Pope Francis in a meeting during his Uganda visit    Photo:en.radiovatican.va

Hardly have His Eminence Pope Francis’ posters faded and the infighting and finger pointing has already started. There is talk of looted funds and fake raffles. I propose that we take the chief thieves and execute them at the shrine as an example for the next generation.

For those who do not know much about the history of Uganda, Namugongo was the place of execution for those who committed crimes against the Buganda Kingdom. The Uganda Martyrs Shrine was built to honour the 32 pages of Kabaka Mwanga II who were burnt on June 3 1886 (Martyrs day) when they refused to renounce their Christian faith.

On October 1964, Pope Paul VI canonised 22 of the Catholic martyrs and in 1967, the Namugongo shrine was built. Pope Paul VI made the first papal visit to Africa in 1969 and also made a pilgrimage to Namugongo.

When we commemorated 50 years of the canonisation of the Uganda Martyrs, Pope Francis promised to pay a visit to the Namugongo shrine. That is when the cogs in the business minds in Kampala began to spin – there was money to be made.

The city needed a facelift, so KCCA (Kampala Capital City Authority) began sending threatening messages to landlords of city buildings to either give their buildings a facelift or face closure.

The pavements also got a facelift and some streetlights were relocated from the suburbs that the Pope would not visit to the CBD (central business district); the CBD is usually lit by security lights from shops street level.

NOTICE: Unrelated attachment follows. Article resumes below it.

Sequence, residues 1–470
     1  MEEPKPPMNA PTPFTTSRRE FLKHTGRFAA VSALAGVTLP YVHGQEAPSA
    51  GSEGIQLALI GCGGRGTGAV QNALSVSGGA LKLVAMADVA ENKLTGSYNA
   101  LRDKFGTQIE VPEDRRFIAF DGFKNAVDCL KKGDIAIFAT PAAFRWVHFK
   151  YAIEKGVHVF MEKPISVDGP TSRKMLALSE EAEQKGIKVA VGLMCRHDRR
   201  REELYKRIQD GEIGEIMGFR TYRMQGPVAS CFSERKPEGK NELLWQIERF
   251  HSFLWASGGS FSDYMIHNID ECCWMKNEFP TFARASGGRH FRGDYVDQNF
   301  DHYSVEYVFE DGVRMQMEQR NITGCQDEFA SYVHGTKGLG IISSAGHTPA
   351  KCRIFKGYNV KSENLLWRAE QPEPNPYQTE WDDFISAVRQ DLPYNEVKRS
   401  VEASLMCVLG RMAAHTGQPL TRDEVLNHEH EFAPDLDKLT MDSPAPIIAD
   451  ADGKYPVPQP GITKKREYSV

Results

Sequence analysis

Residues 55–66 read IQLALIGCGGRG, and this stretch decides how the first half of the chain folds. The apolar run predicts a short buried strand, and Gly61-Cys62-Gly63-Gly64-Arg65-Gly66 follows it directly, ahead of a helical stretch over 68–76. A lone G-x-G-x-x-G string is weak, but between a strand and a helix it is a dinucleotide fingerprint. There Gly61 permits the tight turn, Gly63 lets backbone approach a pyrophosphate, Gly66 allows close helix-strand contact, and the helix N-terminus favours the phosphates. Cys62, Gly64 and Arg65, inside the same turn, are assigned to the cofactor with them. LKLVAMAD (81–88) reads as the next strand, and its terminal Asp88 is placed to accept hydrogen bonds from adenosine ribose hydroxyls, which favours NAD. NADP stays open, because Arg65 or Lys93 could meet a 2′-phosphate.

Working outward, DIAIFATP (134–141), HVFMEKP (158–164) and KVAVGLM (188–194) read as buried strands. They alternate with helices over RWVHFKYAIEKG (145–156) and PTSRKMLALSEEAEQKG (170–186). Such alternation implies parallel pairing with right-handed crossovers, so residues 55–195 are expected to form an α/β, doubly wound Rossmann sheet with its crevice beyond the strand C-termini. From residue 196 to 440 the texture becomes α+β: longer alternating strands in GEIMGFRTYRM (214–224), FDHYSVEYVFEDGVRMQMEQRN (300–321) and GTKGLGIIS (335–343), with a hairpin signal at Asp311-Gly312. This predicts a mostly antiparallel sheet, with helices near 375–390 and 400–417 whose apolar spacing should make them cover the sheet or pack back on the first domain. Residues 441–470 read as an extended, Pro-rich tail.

RAFFLE

An equivalent of Kenyan Sh2 billion was budgeted for the expansion of the Namugongo shrine to accommodate all the dignitaries that would attend the occasion. Thus the Yooyota Namugongo Raffle (Facelift Namugongo raffle) idea was born.

The Catholic Church, a bank, a telecom and a media house partnered and floated 20 Toyota Raums, airtime and data bundles.

The Kampala Archbishop was not to be left out of the limelight and he gave his Mercedes Benz as the grand prize to be handed over by His Eminence. At about Sh70, the raffle tickets were affordable and the prizes worth every penny for Catholics and gamblers alike.

However, the bank was not one to hedge its bets and bank on gamblers, the staff were given a bunch of tickets to sell or else have the monies deducted from their pay cheques – whatever happened to families and staff of organisers being ineligible to win?

Lastly were the 10,000 rosaries that had been blessed by His Eminence, and thus retailed at Sh3,400 each.

The staunch and faithful had a special keepsake and holy relic to hand down for generations to remember the special visit from God’s representative on earth.

The price had fallen by 50% by the time the Pope arrived and yet there were few takers considering a rosary costs Sh200 on any given day.

The Lotteries Board of Uganda needs to tell mwananchi how much money was collected and spent on the uplift of the Namugongo shrine. The media has neither announced nor published a list of winners.

The supplier of the Toyota Raums has sued the church, and the Archbishop is still cruising in his Mercedes. Banange! Gavumenti etuyambe! (Please, the government should help us!)